Common Core State Standard
SL.CCS.1/2/3/4 Grades 6-12: An essay of a current news event is provided for discussion to encourage participation, but also inspire the use of evidence to support logical claims using the main ideas of the article. Students must analyze background information provided about a current event within the news, draw out the main ideas and key details, and review different opinions on the issue. Then, students should present their own claims using facts and analysis for support.


2020 Census results will help shape our communities for the next 10 years

Summarize recent or current census coverage.
Show a local or state example of something affected by population data.
Read about another federal program anywhere and share two facts.

Our country is taking attendance to see who's here. A national Census -- required by the Constitution -- takes place every 10 years to determine how many U.S. House members each state has, based on population. Results are used to draw congressional and state legislative districts. They also affect how more than $675 billion in federal money is split among communities for public safety, health care, schools, job training, roads, bridges, other public works and more. This is the 24th time that the United States has counted its population since 1790.

Postcards now going to each household ask Americans to respond to a 2020 census questionnaire online or by mail, starting this week. (The official count date is April 1 – "Census Day.") The 10-minute form asks about race, age and education, but not about citizenship, income, religion or politics. Beginning in May, thousands of temporary Census Bureau workers will start ringing doorbells at houses, apartments, mobile homes and elsewhere in an effort to reach those who didn't respond – including the homeless. The count also includes noncitizens and prisoners. Although the government doesn't enforce penalties, federal law requires U.S. residents 18 and older to answer census questions – with one adult allowed to respond on a family's behalf.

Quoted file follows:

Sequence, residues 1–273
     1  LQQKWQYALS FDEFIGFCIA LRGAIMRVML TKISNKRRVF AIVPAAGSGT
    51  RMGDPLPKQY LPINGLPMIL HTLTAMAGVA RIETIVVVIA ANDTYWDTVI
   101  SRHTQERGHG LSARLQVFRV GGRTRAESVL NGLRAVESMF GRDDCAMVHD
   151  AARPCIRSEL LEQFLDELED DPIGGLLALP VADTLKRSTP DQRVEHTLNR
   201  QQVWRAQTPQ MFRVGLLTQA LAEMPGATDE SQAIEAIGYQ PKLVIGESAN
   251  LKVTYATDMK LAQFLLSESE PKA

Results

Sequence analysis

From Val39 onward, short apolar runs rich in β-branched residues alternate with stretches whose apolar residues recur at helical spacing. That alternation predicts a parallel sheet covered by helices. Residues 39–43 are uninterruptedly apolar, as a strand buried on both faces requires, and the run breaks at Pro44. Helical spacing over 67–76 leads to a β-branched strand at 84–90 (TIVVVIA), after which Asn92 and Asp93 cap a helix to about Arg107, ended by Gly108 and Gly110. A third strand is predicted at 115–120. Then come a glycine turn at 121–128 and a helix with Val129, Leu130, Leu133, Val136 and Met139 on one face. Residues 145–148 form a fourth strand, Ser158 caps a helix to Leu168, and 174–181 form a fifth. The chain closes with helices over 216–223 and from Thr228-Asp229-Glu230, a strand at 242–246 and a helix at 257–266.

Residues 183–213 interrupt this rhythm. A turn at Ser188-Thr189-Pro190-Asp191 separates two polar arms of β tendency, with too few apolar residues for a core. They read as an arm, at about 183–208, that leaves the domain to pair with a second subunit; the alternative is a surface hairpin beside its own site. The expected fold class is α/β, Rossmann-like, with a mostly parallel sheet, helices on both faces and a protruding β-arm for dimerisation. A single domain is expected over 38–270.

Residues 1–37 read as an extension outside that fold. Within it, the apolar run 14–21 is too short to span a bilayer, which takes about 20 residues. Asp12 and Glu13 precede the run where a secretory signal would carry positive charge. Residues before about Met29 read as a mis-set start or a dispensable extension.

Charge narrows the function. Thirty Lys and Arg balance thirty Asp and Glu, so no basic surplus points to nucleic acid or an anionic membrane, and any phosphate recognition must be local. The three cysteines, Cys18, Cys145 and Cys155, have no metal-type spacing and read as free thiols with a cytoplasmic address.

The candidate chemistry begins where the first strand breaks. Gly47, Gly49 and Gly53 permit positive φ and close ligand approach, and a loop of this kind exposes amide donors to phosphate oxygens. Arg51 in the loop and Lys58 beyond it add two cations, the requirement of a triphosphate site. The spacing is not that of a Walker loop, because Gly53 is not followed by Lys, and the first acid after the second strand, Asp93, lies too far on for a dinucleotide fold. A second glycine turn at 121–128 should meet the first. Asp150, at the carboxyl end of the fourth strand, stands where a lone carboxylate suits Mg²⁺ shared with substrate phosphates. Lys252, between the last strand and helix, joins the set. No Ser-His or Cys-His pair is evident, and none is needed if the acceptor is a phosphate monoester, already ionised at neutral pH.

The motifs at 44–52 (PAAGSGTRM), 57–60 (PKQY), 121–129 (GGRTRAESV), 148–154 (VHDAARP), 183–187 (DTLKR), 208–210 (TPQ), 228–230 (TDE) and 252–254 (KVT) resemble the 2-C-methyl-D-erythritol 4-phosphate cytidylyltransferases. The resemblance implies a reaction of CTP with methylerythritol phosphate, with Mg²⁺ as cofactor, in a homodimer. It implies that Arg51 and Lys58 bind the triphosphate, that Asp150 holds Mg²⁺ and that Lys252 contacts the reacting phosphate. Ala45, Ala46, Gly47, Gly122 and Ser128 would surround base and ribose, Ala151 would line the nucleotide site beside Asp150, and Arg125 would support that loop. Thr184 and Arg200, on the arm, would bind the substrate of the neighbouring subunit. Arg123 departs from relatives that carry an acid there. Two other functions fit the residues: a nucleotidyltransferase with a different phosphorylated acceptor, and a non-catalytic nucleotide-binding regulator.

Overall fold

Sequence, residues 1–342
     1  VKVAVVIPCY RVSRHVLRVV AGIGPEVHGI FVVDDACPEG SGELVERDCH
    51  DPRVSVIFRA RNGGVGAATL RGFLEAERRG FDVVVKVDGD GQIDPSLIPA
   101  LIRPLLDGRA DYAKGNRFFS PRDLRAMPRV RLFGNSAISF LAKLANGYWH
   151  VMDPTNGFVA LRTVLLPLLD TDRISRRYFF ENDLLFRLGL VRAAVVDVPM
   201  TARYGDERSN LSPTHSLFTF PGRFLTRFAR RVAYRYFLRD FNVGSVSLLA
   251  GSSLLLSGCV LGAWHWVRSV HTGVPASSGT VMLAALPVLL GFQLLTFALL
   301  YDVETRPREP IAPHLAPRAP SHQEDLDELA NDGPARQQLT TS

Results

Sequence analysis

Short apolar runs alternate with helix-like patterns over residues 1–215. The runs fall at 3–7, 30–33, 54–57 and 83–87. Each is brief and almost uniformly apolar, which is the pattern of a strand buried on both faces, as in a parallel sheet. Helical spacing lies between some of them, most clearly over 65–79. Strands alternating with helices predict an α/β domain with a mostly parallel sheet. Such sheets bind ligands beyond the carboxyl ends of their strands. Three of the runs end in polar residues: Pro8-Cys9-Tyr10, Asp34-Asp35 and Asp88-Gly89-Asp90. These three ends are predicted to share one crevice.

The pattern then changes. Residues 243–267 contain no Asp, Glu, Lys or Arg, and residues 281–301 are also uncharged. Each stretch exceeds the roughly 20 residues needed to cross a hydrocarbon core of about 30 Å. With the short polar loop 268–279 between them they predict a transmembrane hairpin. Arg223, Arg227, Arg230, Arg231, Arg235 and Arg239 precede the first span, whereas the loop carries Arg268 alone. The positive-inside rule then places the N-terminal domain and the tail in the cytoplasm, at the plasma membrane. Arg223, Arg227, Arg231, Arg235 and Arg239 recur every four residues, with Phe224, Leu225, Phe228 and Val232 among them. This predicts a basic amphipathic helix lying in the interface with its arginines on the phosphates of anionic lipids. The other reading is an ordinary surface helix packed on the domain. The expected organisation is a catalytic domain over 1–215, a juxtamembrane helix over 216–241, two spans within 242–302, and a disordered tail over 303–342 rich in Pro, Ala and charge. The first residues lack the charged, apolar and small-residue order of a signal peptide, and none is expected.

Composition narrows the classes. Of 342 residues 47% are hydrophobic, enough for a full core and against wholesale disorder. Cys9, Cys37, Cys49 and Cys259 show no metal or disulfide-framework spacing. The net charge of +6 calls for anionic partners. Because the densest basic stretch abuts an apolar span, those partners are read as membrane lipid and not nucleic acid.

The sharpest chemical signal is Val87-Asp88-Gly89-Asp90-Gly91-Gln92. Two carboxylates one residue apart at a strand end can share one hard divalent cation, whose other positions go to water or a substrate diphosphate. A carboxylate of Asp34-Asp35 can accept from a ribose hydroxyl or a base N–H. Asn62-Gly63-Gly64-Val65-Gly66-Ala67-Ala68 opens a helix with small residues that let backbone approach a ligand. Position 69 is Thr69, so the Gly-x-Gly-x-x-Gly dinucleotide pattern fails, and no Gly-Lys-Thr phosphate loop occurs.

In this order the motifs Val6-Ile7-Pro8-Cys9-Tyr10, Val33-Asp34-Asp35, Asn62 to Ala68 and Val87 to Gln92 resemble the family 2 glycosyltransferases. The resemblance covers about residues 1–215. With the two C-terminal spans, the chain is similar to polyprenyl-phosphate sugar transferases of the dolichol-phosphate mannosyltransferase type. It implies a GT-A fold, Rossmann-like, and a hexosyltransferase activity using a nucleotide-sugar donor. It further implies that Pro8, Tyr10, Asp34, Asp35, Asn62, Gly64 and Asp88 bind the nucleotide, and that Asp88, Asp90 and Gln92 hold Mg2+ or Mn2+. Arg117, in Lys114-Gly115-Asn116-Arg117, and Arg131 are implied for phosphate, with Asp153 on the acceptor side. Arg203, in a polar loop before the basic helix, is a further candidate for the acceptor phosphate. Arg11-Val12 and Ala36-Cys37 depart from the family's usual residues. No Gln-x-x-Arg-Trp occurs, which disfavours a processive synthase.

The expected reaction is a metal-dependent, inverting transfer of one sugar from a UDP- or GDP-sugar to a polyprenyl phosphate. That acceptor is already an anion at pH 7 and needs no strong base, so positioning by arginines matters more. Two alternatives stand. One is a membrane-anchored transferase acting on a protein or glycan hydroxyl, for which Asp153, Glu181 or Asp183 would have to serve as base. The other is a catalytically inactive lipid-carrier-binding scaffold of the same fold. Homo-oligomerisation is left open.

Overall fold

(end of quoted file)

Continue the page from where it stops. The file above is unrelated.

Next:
This year's count is the first being taken mainly online, where the questionnaire goes live Thursday (March 12) at and will be available through July 31. For those without Internet access or who prefer to stay offline, the bureau also will collect responses by phone and on paper forms, which are scheduled to arrive at some homes any time now and by early April to every household that hasn't responded yet. The web form and call centers are available in 13 languages. "We are extremely committed to reaching those people who are historically undercounted," says Director Steven Dillingham.

In print, broadcast and online ads, as well as on billboards, the government stresses the importance of an accurate tally and the secrecy of replies – which aren't shared with law enforcers or immigration officials. The Census Bureau uses encryption and other security technology to protect privacy. The $500-million ad campaign uses this slogan "Shape your Future. Start here."

Director says: "We are using the best technologies and practices to protect data confidentiality and reduce cybersecurity risks. . . . Confidentiality is a core part of the Census Bureau's culture." – Steven Dillingham

Indian chief says: "If we aren't all counted, we leave money on the table. For every one Cherokee Nation citizen who doesn't get counted, it's a loss of about $50,000 in federal funding for tribal services over the course of a decade." -- Chuck Hoskin, Cherokee Nation principal chief, Oklahoma City

When results come: The Census Bureau has until the end of December to start releasing 2020 results, beginning with state population counts. That determines how the 435 U.S. House seats are allocated after each state gets at least one.

Front Page Talking Points is written by Alan Stamm for, Copyright 2020
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